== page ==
A169

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A170 Federal Reserve Bulletin h April 2010



between the yields on Treasury securities and the                           ...
The 2008 HMDA Data: The Mortgage Market during a Turbulent Year A171



1. Distribution of reporters covered by the Home M...
A172 Federal Reserve Bulletin h April 2010



2. Home loan and reporting activity of lending institutions covered under th...
The 2008 HMDA Data: The Mortgage Market during a Turbulent Year A173



tial importance by measuring their lending activit...
A174 Federal Reserve Bulletin h April 2010



4. Distribution of loans sold during year of origination, by type of purchas...
The 2008 HMDA Data: The Mortgage Market during a Turbulent Year A175



5. Home lending, 2004–08
    A. By credit unions, ...
A176 Federal Reserve Bulletin h April 2010



6. Manufactured and site-built home lending, 2004–08

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The 2008 HMDA Data: The Mortgage Market during a Turbulent Year A177



8. Piggyback home-purchase lending, 2004–08

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A178 Federal Reserve Bulletin h April 2010



9. Disposition of applications for home loans, and origination and pricing o...
The 2008 HMDA Data: The Mortgage Market during a Turbulent Year A179



9. Disposition of applications for home loans, and...
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The 2008 HMDA Data: The Mortgage Market
during a Turbulent Year

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2008 hmda data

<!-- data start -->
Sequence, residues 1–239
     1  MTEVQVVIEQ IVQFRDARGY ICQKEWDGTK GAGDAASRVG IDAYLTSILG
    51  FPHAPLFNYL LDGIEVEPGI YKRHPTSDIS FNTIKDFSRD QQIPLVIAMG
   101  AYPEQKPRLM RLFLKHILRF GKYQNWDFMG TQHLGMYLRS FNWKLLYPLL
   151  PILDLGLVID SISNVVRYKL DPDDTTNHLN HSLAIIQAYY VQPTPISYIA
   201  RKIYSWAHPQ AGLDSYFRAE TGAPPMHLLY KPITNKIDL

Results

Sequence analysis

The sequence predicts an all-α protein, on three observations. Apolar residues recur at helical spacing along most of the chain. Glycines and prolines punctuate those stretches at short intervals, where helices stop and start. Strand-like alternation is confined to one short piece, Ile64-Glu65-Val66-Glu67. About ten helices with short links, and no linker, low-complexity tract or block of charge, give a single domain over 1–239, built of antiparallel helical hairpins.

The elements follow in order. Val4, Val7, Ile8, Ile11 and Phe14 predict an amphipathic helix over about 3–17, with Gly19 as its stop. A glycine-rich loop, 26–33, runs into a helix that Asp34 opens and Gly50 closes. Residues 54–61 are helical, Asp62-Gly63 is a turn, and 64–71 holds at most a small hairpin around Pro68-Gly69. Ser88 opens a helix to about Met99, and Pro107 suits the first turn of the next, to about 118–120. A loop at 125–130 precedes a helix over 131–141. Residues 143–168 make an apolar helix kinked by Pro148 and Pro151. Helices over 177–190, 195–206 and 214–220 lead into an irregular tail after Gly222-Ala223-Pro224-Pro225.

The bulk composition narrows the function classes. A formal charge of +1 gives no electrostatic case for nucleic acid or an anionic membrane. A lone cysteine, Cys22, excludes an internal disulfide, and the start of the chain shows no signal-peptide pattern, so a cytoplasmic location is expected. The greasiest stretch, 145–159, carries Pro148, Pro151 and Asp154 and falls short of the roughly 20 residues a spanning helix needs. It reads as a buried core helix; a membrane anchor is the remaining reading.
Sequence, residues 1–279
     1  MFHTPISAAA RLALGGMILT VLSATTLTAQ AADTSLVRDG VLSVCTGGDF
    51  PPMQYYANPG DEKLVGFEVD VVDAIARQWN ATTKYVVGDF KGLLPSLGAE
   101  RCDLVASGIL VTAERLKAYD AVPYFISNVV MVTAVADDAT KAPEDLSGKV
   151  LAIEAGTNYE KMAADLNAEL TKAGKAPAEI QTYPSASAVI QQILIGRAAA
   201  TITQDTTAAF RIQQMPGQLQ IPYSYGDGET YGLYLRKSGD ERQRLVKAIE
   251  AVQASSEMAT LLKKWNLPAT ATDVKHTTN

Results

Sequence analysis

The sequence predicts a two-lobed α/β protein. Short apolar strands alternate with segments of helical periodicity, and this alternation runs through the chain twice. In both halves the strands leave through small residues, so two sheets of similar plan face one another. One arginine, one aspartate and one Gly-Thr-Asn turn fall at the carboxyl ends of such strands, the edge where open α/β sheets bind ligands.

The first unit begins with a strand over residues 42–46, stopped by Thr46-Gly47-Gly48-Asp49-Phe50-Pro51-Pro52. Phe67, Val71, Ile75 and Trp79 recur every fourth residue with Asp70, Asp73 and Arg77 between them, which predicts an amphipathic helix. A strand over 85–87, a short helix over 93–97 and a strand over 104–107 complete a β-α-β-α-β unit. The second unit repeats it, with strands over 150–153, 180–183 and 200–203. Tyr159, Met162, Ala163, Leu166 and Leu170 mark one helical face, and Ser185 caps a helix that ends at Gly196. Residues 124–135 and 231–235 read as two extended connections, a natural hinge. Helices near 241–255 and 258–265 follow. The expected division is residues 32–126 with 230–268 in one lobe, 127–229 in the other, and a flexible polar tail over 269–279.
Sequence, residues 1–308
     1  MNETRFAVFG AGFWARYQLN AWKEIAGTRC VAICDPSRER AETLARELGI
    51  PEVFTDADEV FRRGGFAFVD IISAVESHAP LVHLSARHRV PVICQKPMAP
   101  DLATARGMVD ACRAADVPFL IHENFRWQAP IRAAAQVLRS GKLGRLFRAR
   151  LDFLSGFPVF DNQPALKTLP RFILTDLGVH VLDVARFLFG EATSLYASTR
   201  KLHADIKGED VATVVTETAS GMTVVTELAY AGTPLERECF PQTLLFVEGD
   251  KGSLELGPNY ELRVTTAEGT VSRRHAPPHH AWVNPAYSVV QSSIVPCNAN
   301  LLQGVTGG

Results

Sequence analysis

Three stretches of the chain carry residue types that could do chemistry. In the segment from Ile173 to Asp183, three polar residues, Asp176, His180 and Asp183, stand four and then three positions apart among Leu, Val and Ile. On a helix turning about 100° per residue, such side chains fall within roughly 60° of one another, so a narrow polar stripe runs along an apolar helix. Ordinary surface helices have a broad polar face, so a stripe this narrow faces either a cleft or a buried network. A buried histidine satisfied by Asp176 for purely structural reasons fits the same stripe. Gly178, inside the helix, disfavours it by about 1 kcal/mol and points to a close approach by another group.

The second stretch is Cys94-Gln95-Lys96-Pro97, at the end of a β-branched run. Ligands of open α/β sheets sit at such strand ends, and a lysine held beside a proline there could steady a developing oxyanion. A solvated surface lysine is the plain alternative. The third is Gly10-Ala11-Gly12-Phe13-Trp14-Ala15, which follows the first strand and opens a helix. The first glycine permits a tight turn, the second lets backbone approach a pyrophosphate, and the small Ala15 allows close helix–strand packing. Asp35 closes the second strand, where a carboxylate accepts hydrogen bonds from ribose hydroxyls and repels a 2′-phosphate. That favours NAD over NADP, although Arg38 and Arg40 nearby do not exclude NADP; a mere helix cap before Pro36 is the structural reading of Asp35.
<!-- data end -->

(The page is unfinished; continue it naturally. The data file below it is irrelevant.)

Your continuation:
1. 1. A169 April 2010 (revises 2009 draft release, includes revised data) The 2008 HMDA Data: The Mortgage Market during a Turbulent Year Robert B. Avery, Neil Bhutta, Kenneth P. Brevoort, cal area (MSA) and for the nation as a whole.4 The Glenn B. Canner, and Christa N. Gibbs, of the FFIEC also makes available a consolidated data file Division of Research and Statistics, prepared this containing virtually all the reported information for article. Cheryl R. Cooper and Christine Coyer pro- each lending institution.5 vided research assistance. The 2008 HMDA data consist of information reported by about 8,400 home lenders, including all The Home Mortgage Disclosure Act of 1975 (HMDA) of the nation’s largest mortgage originators. The requires most mortgage lending institutions with loans reported are estimated to represent the majority offices in metropolitan areas to publicly disclose of home lending nationwide. Thus, they likely pro- information about their home-lending activity. The vide a broadly representative picture of home lending information includes the disposition of applications in the United States. for mortgage credit, the characteristics of the home This article presents a number of findings from our mortgages that lenders originate or purchase during a initial review of the 2008 HMDA data. Three of those calendar year, the location of the properties related to findings are noted here. First, the 2008 HMDA data those loans, and personal demographic and other reflect the ongoing difficulties in the housing and information about the borrowers.1 The disclosures are mortgage markets. Reported loan application and intended not only to help the public determine origination volumes fell sharply from 2007 to 2008 whether institutions are adequately serving their com- after already falling considerably from 2006 to 2007. munities’ housing finance needs, but also to facilitate A reduction in lending occurred among all groups of enforcement of the nation’s fair lending laws and to borrowers regardless of race, ethnicity, or income, inform investment in both the public and private although lending for some groups declined more sectors. sharply than for others. The Federal Reserve Board implements the provi- Second, the Federal Housing Administration’s sions of HMDA through regulation.2 The Federal (FHA) role in the mortgage market expanded consid- Financial Institutions Examination Council (FFIEC) erably during 2008. The increasing use of FHA- is responsible for collecting the HMDA data and insured loans in 2008 appears to be related to a facilitating public access to the information.3 Each number of factors, including difficulties faced by September, the FFIEC releases summary tables per- private mortgage insurance (PMI) companies and taining to lending activity from the previous calendar their pullback from the marketplace. year for each reporting lender and aggregations of Third, the data show a decline in the incidence of home-lending activity for each metropolitan statisti- reported higher-priced lending between 2007 and 2008.6 However, atypical changes in the interest rate environment, related primarily to widening spreads 1. A description of the items reported under HMDA is provided in appendix A. 4. For the 2008 data, the FFIEC prepared and made available to the 2. HMDA is implemented by Regulation C (12 C.F.R. pt. 203) of public more than 51,100 MSA-specific HMDA reports on behalf of the Federal Reserve Board. Information about the regulation is reporting institutions. The FFIEC also makes available to the public available at www.federalreserve.gov. reports about private mortgage insurance (PMI) activity. All the 3. The FFIEC (www.ffiec.gov) was established by federal law in HMDA and PMI reports are available on the FFIEC’s reports website 1979 as an interagency body to prescribe uniform examination proce- at www.ffiec.gov/reports.htm. dures and to promote uniform supervision among the federal agencies 5. The only reported items not included in the data made available responsible for the examination and supervision of financial institu- to the public are the loan application number, the date of application, tions. The member agencies are the Board of Governors of the Federal and the date on which action was taken on the application. Those items Reserve System, the Federal Deposit Insurance Corporation, the are withheld to help ensure that the individuals involved in the National Credit Union Administration, the Office of the Comptroller of application cannot be identified. the Currency, the Office of Thrift Supervision, and representatives 6. Loans are reported as higher priced in HMDA if their annual from state bank supervisory agencies. percentage interest rate (APR) spread is 3 percentage points or higher